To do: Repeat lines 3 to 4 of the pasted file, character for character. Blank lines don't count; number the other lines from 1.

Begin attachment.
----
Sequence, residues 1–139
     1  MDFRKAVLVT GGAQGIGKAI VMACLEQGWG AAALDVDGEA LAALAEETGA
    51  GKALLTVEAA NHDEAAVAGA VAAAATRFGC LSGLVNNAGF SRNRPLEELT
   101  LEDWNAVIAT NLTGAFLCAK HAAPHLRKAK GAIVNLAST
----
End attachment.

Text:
    51  GKALLTVEAA NHDEAAVAGA VAAAATRFGC LSGLVNNAGF SRNRPLEELT
   101  LEDWNAVIAT NLTGAFLCAK HAAPHLRKAK GAIVNLAST